The empathy gapPosted: April 1, 2016
Jonathan is baffled.
Jonathan doesn’t teach Freddie but he has spoken with him at length, one-to-one. Jonathan is perhaps a school counsellor or a social worker or a senior manager.
Freddie is troubled. His father visits the home unpredictably. When he does turn up, Freddie’s father is usually drunk and he beats Freddie and his mum. Freddie’s mum is a mess and often can’t get out of bed in the morning, leaving Freddie to organise breakfast for his younger siblings and get them ready for school.
Aisha is Freddie’s English teacher. Jonathan is baffled because twice this term, Aisha has sent Freddie out of class. A third time, Freddie wouldn’t leave and so Aisha called for a senior member of staff to remove him. Doesn’t Aisha understand Freddie’s background, what he’s going through?
Aisha does not understand Freddie as well as Jonathan, no. She has not had the long conversations with him that Jonathan has had. But she is aware of the domestic abuse and that Freddie has a lot on his plate. There is an empathy gap here but where is it? Is Aisha failing to empathise with Freddie or is Jonathan failing to empathise with Aisha?
There are 23 students in Aisha’s English class and she wants to teach them English, not because she is in fear of missing targets on standardised tests mandated by the government but because that is her job. When Freddie is in the classroom, he makes this very hard. He is openly disrespectful and won’t follow instructions. Aisha has hardened a little since she first started teaching and so she can cope with that. Unfortunately, she can’t cope with the fact that Freddie regular gets out of his seat and wanders around the room, taking other students’ belongings, teasing them and starting arguments.
Freddie does not take kindly to anyone trying to lay down the law. Which is understandable.
Perhaps Aisha needs to be a little more creative. If she made the work engaging enough then perhaps Freddie would join in. The problem is that Freddie doesn’t like reading and writing which are pretty fundamental in English. He knows that he has not mastered these skills and being asked to read or write makes him feel stupid. Perhaps there is a topic so pertinent, so engaging, that Freddie would get over this and become involved. Certainly, Freddie sometimes contributes thoughtfully to classroom discussion. But it’s the reading and writing that he doesn’t like so motivating him to do those things, day after day is going to be pretty hard.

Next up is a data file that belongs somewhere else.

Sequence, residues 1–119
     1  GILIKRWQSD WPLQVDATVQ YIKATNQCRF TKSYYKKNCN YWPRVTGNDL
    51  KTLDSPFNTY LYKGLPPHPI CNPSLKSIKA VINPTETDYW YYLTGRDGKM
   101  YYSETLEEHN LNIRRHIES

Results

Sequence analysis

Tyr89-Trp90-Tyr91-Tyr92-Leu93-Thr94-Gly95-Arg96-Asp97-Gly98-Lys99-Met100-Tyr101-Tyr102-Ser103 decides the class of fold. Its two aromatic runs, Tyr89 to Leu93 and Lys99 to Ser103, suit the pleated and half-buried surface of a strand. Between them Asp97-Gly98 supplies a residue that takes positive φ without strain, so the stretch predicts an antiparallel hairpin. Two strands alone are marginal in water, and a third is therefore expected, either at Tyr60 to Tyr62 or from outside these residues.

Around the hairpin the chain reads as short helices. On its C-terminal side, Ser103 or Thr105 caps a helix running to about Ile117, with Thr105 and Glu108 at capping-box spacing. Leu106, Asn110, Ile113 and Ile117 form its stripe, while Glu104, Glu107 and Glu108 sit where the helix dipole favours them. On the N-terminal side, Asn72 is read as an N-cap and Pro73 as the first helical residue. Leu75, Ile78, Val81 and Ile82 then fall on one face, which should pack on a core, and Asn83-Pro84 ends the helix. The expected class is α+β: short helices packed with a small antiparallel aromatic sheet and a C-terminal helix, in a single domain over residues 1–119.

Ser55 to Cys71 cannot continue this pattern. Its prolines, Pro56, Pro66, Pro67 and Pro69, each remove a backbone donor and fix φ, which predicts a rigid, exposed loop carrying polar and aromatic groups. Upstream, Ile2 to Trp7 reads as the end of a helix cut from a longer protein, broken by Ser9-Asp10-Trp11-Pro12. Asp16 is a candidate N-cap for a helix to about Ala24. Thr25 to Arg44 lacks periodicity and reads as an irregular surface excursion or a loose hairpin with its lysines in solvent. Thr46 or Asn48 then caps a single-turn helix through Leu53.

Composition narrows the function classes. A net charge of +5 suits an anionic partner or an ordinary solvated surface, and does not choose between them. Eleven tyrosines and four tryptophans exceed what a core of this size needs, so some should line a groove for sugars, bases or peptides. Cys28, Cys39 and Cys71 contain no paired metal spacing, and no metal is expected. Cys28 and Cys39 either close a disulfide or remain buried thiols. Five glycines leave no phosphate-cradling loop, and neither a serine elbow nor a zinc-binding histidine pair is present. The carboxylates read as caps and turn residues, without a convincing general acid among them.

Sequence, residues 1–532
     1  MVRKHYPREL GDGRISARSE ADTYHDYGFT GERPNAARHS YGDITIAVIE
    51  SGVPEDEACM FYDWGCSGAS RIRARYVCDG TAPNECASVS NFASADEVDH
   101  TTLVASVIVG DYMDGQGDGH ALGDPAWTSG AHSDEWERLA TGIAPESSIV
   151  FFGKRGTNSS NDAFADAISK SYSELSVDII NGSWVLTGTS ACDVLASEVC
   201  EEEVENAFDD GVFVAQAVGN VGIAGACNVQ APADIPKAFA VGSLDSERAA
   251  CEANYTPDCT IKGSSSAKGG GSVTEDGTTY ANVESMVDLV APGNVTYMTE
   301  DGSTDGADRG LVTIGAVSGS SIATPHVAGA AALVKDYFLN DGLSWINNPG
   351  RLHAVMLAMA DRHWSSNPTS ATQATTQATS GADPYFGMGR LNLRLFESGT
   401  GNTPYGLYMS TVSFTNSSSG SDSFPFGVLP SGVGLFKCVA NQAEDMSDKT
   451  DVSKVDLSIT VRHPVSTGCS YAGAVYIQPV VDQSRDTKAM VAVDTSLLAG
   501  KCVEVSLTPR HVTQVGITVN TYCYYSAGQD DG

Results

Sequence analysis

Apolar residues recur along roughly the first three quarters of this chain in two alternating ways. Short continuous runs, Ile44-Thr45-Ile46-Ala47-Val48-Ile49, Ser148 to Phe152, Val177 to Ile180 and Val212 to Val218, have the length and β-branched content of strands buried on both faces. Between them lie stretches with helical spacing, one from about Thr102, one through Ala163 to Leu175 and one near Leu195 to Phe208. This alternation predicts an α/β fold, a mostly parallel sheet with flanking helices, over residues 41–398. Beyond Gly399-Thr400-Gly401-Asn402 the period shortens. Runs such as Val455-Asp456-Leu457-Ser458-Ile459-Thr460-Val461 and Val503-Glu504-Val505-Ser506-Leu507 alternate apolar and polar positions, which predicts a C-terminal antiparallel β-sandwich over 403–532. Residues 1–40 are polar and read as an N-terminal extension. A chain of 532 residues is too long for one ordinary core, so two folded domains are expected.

But there are things that Freddie enjoys doing. He likes drawing and so if Aisha gives him some poster work to do then he won’t be as disruptive. Perhaps he needs options. Perhaps he needs to be able to choose to record his voice on a mobile phone instead of writing. If we redefine literacy to include things other than literacy then we can still call these activities ‘literacy’.
After all, reading and writing are essential but isn’t it even more important with such a troubled child to focus on including him? Isn’t it more important to treat him with human kindness and respect, to acknowledge his troubles, to smile at him? Isn’t this what he most needs to learn; that humans can be nice?
Except that Freddie’s now not doing any reading and writing. How is he going to improve at these things if he’s not practising them? And if he doesn’t improve then he’s going to fall further and further behind his peers and then these activities will make him feel even more stupid and he will be even less inclined to engage in them. In fact, it’s this process that caused the trouble in the first place.
Perhaps we should take him out of class for a little intensive support. He might be more receptive to reading and writing if his lack of skill is not apparent to his peers. But that’s not inclusion.
When you think about it, asking Freddie to be included in Aisha’s English lesson is a bit like going to a soccer coach and asking her to include a player in the team who constantly handles the ball and swears at other players. To be part of a group you need to accept some of the group norms. If there are no group norms – if all behaviours are allowed – then what exactly are you being included in? And how does that help?
Mass education was not invented as a means for socialising children. If it had been then you would have to admit that it is extraordinarily badly designed. If teachers are meant to be social workers then the caseload is far too high. And contrary to popular opinion, mass education also wasn’t invented purely to produce factory workers. It came about at a time when many jobs did not require literacy. Instead, it was partly an experiment in social improvement; to ensure that the newly enfranchised working classes could be informed when exercising their democratic responsibilities. In order to do this, they needed to be able to read and write. They needed access to culture and protection from being swindled. That is what education is for; to pass on this liberating knowledge. That is why Aisha gets up in the morning.
Jonathan doesn’t understand that.